I want you to know how impossibly hard it was to make the decision to have you put down. You’d been sick for a while with renal failure and pesky cancers that we’d have cut out, only for them to return. You were having accidents inside, which you were terribly embarrassed about, and based on your posture the vet was confident you were in pain.
They told me there were ways to ease your suffering and they talked me through the various treatments that could make you more comfortable for the next however long you had left. They said it could be weeks. It could be months. What I wanted was forever.
I asked the vet what I should do. They said it wasn’t a decision they could make for me and that yes you were in pain, yes they could help ease that pain, but no, your quality of life wouldn’t be very good.
Second guessing everything became my full time job in your final weeks. You still wagged your tail when you saw me and you still had an appetite; I always thought those were the signs of a happy healthy dog. How could the vet know for sure that you were in pain? What if they had it wrong and you were simply an old lady dog who liked to sleep a lot these days?
At some point I realised that hedging my bets was more selfish than letting you go, so I rang the vet to let them know it was time. There was no reminder about treatment options or suggestion I give it more thought. Down the phone line, in the space between the gentle words and clicks of details being entered into the computer, I could hear the unspoken reassurance that I was doing the right thing by you.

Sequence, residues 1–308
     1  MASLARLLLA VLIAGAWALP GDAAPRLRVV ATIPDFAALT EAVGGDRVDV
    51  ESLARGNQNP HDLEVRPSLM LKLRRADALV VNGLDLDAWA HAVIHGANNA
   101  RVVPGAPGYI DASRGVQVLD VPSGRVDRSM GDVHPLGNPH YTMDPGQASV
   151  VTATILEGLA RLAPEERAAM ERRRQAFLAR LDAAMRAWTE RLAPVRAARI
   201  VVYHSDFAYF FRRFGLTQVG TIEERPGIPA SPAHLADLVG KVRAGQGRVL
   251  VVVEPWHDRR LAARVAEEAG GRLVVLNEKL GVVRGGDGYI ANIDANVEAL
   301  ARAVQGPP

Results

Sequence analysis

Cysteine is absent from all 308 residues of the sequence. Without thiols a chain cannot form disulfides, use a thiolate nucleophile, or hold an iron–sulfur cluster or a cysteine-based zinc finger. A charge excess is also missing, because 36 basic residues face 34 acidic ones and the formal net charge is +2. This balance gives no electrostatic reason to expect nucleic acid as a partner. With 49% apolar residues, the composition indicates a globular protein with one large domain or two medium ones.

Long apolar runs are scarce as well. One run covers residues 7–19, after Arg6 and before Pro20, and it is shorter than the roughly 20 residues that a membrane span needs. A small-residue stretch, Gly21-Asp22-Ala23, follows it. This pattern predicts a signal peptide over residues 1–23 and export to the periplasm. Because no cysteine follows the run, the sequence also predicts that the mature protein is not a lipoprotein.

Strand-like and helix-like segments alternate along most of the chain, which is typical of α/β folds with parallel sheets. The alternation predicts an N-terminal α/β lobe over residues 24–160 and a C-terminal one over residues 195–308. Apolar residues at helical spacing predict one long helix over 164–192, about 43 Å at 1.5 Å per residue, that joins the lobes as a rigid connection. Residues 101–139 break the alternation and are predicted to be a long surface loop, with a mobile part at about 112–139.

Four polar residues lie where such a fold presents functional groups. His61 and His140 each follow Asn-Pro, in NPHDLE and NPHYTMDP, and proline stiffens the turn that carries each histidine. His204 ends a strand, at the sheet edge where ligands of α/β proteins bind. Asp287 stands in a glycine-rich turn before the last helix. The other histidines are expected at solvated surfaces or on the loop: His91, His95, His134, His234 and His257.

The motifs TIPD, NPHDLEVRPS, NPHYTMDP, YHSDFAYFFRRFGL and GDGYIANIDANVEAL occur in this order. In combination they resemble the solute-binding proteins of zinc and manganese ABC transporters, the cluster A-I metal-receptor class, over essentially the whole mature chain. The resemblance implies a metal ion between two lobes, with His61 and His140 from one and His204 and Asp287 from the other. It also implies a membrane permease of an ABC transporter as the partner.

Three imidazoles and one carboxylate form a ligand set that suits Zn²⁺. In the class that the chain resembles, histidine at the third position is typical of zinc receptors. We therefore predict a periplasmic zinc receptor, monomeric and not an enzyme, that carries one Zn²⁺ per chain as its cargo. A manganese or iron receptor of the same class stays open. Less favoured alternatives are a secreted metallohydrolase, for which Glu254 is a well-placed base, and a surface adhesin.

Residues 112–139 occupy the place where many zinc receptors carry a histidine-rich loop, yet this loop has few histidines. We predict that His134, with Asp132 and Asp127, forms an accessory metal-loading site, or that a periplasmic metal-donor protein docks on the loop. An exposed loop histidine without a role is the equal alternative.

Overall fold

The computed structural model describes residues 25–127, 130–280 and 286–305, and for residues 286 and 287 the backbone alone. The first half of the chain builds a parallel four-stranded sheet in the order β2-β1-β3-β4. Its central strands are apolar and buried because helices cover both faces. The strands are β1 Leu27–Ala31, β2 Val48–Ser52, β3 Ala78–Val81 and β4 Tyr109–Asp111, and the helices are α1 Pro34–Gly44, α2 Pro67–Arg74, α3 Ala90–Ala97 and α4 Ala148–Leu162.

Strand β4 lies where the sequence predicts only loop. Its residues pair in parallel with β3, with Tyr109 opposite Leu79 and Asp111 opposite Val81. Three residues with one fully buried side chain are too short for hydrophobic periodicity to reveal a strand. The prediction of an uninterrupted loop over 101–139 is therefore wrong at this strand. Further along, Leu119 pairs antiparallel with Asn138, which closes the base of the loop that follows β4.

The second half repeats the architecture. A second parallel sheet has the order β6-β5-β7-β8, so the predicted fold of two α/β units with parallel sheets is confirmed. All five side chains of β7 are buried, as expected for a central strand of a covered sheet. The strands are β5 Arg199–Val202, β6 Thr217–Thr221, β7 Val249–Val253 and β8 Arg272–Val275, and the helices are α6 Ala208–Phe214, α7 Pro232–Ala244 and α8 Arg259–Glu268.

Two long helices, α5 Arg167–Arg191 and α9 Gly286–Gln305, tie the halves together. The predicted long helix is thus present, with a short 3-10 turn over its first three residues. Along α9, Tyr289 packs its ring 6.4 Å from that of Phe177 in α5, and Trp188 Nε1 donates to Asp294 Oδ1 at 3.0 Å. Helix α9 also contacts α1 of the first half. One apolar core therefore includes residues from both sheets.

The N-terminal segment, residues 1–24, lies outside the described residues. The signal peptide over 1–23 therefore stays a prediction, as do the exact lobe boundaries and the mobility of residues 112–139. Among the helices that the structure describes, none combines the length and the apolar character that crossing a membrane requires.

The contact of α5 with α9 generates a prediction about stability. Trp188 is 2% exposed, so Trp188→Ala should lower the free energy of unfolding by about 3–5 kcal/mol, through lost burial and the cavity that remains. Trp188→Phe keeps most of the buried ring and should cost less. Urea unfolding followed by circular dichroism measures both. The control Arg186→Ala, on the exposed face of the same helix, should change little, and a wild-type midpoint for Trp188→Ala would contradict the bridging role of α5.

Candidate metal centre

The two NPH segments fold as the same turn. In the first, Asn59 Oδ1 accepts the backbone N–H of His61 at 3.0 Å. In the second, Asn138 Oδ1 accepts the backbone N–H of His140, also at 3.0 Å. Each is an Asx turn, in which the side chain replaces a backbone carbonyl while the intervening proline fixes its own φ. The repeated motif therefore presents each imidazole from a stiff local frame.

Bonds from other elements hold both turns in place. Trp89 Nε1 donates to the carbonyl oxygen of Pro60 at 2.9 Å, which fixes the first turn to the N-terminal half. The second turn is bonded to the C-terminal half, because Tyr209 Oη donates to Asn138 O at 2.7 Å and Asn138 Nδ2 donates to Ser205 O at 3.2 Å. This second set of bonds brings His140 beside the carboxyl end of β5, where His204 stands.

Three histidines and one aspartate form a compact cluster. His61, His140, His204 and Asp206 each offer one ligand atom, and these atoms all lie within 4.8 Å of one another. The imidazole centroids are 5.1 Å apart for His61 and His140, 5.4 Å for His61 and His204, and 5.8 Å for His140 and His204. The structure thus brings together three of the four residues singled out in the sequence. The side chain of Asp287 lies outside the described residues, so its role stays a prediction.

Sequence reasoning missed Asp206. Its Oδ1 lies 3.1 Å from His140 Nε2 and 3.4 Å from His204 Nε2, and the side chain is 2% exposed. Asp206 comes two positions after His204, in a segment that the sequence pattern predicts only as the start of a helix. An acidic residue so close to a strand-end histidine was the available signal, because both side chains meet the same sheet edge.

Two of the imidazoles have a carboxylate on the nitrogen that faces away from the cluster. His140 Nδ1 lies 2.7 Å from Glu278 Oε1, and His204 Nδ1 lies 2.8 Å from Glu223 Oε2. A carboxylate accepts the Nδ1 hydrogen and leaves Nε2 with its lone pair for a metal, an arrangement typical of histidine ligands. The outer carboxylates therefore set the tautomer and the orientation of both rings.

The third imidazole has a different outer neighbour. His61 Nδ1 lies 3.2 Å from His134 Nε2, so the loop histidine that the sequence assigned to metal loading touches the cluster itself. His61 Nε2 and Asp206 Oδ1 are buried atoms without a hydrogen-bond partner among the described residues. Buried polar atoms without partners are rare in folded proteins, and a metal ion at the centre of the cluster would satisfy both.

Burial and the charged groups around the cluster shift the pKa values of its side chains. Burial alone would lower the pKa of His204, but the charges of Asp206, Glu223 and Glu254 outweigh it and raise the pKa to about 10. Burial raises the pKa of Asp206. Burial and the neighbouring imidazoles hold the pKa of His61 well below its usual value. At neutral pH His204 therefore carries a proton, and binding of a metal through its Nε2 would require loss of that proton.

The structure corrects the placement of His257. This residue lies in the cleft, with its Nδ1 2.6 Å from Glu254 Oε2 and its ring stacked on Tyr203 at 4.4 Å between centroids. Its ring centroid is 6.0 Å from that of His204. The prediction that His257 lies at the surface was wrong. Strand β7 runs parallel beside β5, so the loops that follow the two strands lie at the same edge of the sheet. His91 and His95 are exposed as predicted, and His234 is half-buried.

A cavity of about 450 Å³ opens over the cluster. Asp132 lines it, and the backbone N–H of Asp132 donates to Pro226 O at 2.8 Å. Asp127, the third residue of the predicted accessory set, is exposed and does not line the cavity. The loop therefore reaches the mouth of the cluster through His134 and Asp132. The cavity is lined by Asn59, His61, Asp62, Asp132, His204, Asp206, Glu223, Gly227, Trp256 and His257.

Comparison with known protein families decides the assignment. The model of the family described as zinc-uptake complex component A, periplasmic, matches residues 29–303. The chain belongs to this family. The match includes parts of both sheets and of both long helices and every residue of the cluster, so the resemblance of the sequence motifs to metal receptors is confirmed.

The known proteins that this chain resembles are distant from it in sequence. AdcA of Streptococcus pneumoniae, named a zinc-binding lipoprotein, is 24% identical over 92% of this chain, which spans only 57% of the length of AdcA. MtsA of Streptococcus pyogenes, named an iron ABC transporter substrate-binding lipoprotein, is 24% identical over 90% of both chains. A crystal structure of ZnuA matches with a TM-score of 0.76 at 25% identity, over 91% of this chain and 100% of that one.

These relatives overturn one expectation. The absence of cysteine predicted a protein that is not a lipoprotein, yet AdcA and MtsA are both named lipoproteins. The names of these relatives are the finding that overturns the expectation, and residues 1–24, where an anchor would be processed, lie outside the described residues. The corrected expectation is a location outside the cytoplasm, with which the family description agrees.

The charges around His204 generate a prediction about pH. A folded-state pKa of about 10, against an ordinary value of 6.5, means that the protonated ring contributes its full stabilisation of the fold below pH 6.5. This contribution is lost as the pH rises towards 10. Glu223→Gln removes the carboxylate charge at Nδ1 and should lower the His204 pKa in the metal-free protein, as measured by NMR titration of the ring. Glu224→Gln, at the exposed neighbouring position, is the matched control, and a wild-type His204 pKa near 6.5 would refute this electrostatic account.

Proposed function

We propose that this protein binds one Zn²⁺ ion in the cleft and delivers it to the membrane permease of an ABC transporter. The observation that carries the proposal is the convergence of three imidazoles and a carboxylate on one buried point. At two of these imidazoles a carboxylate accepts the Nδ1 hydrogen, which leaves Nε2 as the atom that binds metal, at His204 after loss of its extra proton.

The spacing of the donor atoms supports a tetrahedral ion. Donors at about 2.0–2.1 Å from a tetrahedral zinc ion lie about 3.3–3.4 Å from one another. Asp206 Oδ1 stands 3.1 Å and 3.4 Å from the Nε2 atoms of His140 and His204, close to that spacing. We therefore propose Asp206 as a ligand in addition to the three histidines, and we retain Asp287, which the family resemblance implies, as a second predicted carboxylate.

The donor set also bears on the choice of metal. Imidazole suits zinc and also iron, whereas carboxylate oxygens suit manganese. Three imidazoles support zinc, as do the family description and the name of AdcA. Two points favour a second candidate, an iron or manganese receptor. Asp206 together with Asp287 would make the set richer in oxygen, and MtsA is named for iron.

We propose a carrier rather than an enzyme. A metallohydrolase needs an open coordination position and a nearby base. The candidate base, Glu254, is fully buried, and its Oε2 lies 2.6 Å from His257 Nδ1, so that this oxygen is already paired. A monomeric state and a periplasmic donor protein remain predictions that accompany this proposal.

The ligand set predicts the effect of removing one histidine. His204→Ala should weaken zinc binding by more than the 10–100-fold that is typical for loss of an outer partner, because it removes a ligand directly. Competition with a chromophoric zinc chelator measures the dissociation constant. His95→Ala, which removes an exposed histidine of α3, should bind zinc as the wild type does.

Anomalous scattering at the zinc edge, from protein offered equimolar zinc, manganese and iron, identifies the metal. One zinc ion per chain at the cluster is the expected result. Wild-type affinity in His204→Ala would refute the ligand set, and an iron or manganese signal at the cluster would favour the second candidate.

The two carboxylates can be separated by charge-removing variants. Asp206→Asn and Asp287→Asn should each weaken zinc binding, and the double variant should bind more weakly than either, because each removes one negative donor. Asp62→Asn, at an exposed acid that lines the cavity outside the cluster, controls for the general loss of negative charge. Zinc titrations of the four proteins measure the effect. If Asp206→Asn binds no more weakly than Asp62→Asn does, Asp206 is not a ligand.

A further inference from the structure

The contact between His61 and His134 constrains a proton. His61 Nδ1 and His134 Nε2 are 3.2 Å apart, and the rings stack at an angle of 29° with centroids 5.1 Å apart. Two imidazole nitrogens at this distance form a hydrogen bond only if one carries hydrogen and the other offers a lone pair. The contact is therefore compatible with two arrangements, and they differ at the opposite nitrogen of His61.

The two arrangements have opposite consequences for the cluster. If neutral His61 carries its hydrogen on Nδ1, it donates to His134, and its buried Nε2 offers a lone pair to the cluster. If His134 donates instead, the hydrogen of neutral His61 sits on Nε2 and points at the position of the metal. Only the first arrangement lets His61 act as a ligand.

You would shake in fear whenever I took you to the vet clinic, so I asked if you could be put down at home. They said they would come the next day and when I hung up the phone I was overwhelmed with the enormity of it all. That’s when we went for that final trip to the park.
We were lying together on the carpet in the sun when they arrived. Curled up in your bed, you barely acknowledged the strangers in scrubs moving quietly around you.
“Just let us know when you’re ready.”
I wasn’t ready and I never would be, but I nodded through tears anyway. I wrapped myself around you as the medication was administered into your bony little leg. They tell you it will be quick, but I really had no concept of just how quick. In the brief seconds between the needle going in and the life draining out of your body, I wept into your ear: “I’m sorry, I love you.”
And then you were gone.
In the days and weeks that followed I could hear the phantom clicks of your toenails on the floor. When I opened the front door I braced for the excited welcome that never came. I called the kids by your name and made sure gates were shut so you couldn’t get out. You were so intrinsically woven into the fabric of my world, it took a long time to get used to life without you.
Years later I still think about you all the time. On good days I am grateful for the time we had together. On hard days, the sound of your absence is deafening.
I hope you know how much you were loved, little pup. I treasure every memory of our rollercoaster ride together. The pain of losing you was worth it for the joy of life with you; my best friend, my constant, my one true love.
I miss you Stella, forever my sunshine.